It was probably inevitable that the branches of the U.S. Armed Forces would try to one-up each other in the race to marginalize fossil fuels, and here’s just the latest example. Just a few months after the U.S. Marines announce a portable solar power system the size of a large suitcase, the Air Force signs a $3.5 million contract with Lockheed Martin to outfit entire shipping containers as portable solar power generators for rapid field deployment.
It’s just one part of an all-out push by the U.S. Armed Forces to wean themselves – and the rest of us – off fossil fuels, and though we don’t need any more reminders that it’s way past time to do that, here’s the BP oil spill, the Massey coal mine disaster (to say nothing of mountaintop coal mining), the Tennessee coal ash flood, and the Iraq War. Not too long ago the U.S. ran on firewood, whale oil and raw horsepower, so what’ s the big deal about continuing to move up the energy ladder?
Lockheed Martin and Solar Shipping Containers
Shipping containers are are cheap, available, easy to move around the world through existing infrastructure, and ripe for recycling, so using them as a platform for portable solar power is yet another great example of a sustainability twofer. The new system is part of the Air Force’s Basic Expeditionary Airfield Resources (BEAR) program, which aims to establish mobile bases with portable assets including housing, water and other support systems for thousands of troops. Lockheed’s system will hook into the existing BEAR grid with the triple goals of cutting fuel consumption by 25%, alleviating the crippling logistics of fossil fuel supply, and providing for a more reliable power stream.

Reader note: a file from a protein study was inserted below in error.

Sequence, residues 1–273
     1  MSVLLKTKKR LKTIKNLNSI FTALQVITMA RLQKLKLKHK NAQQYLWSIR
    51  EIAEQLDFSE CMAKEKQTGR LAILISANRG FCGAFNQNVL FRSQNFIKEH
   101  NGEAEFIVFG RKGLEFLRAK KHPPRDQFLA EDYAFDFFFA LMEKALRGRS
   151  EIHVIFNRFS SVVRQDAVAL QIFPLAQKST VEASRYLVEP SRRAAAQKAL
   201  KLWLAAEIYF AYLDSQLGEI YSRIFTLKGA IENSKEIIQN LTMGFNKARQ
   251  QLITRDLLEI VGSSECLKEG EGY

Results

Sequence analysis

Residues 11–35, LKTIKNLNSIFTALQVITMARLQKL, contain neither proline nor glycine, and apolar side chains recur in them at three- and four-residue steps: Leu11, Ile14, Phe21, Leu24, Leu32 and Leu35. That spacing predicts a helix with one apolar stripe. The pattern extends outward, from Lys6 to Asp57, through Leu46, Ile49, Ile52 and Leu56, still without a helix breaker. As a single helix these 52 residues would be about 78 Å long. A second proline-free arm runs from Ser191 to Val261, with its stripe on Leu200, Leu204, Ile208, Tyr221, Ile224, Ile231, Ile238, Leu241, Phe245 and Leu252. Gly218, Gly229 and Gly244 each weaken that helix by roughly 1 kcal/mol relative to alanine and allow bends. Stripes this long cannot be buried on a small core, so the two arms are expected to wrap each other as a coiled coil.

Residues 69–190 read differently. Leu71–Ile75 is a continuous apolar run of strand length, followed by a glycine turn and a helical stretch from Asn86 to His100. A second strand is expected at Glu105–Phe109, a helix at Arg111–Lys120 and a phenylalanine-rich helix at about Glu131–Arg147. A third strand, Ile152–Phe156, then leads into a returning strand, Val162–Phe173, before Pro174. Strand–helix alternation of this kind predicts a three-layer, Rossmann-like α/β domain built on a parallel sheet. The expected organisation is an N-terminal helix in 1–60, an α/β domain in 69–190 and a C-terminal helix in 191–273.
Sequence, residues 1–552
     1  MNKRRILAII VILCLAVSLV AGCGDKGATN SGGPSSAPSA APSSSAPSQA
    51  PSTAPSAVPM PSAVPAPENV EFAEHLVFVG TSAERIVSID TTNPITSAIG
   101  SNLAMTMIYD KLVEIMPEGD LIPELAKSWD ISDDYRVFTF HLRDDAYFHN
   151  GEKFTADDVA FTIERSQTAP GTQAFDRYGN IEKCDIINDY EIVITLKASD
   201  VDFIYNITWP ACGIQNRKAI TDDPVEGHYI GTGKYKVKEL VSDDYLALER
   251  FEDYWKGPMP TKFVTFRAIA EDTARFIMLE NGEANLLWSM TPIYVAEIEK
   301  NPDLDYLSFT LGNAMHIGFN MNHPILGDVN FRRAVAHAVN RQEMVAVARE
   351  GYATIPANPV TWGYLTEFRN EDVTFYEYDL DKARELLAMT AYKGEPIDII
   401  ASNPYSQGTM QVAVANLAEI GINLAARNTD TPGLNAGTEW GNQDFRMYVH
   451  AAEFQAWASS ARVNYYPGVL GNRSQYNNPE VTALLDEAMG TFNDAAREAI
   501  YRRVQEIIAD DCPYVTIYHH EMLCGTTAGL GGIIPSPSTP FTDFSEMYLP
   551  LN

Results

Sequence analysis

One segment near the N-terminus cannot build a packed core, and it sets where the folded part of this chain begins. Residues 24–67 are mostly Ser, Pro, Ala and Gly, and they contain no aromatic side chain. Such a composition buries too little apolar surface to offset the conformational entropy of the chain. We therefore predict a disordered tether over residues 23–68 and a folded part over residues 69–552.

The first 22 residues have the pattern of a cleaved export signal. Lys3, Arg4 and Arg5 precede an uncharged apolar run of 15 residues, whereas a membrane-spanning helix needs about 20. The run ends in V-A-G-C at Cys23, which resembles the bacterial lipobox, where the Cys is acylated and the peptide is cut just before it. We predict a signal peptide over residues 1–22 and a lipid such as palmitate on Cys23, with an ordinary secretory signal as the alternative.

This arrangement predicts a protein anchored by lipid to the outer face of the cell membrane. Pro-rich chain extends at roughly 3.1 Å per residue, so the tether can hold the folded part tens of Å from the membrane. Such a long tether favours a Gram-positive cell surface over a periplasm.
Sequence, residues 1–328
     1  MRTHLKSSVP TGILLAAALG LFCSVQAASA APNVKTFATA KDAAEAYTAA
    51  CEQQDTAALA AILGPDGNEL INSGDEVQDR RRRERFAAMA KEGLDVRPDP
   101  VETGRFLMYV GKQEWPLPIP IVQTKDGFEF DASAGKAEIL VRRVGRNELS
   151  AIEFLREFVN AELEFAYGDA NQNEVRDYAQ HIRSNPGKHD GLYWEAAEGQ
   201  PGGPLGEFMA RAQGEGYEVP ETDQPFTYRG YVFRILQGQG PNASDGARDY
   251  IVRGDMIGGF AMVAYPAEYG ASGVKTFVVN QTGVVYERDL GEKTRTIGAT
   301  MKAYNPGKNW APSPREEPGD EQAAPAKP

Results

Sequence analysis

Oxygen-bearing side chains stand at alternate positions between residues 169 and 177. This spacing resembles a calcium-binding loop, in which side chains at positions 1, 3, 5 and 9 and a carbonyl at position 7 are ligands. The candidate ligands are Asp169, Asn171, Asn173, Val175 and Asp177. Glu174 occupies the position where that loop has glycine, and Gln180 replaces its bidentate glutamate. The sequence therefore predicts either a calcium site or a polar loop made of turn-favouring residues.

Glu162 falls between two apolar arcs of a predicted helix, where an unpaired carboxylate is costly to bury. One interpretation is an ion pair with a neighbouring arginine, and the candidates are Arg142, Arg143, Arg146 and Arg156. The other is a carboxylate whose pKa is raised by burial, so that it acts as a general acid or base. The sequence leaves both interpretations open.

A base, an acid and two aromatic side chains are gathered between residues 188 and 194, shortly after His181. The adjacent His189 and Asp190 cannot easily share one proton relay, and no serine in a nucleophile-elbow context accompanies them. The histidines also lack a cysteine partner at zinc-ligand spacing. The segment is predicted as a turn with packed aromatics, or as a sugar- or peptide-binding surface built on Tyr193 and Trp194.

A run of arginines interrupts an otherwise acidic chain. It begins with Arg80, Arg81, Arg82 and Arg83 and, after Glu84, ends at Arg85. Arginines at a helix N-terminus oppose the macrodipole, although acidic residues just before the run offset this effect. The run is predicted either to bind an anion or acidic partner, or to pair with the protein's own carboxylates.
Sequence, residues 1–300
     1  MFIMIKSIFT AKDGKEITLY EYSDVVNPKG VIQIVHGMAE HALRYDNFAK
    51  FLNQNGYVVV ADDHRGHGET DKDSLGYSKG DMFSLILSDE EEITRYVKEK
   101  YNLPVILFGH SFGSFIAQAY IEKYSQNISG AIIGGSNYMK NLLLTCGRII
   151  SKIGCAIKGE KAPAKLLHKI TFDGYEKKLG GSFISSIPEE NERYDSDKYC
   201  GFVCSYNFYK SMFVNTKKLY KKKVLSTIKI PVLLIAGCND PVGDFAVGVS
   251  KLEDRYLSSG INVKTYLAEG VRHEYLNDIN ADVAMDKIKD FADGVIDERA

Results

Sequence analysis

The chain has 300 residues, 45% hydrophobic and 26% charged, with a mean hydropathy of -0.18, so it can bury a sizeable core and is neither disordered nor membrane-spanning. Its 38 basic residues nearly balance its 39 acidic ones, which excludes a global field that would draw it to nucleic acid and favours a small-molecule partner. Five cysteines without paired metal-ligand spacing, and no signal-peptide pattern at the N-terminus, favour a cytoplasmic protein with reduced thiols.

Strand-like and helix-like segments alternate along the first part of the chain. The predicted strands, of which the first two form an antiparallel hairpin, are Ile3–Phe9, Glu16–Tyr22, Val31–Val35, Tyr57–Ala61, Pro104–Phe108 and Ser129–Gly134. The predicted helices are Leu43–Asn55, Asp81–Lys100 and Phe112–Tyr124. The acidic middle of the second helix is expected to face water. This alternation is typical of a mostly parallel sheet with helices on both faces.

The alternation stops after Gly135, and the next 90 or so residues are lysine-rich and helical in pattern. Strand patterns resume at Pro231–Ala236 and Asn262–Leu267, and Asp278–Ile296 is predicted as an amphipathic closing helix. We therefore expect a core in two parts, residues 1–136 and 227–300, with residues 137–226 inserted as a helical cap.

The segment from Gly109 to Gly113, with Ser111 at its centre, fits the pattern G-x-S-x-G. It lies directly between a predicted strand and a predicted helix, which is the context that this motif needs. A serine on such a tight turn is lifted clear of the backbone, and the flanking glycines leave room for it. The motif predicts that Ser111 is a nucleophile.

Portability, Sustainability and the U.S. Armed Forces
Speaking of a little friendly competition between branches of the armed services, the U.S. Army’s Tank, Automotive Research, Development and Engineering Center has also developed a power platform that integrates multiple inputs including solar and wind. Meanwhile, the Navy is focusing on solar power at permanent bases as well as portable high efficiency desalination units. The Air Force and the Navy also seem to be in a head-to-head race for replacing fossil jet fuel with renewable biofuel from camelina. As for the Coast Guard, well they have their hands full at the moment…
Image: U.S. Air Force Academy Graduation by Beverly & Pack on flickr.com.
Tina Casey specializes in military and corporate sustainability, advanced technology, emerging materials, biofuels, and water and wastewater issues. Tina’s articles are reposted frequently on Reuters, Scientific American, and many other sites. You can also follow her on Twitter @TinaMCasey and Google+.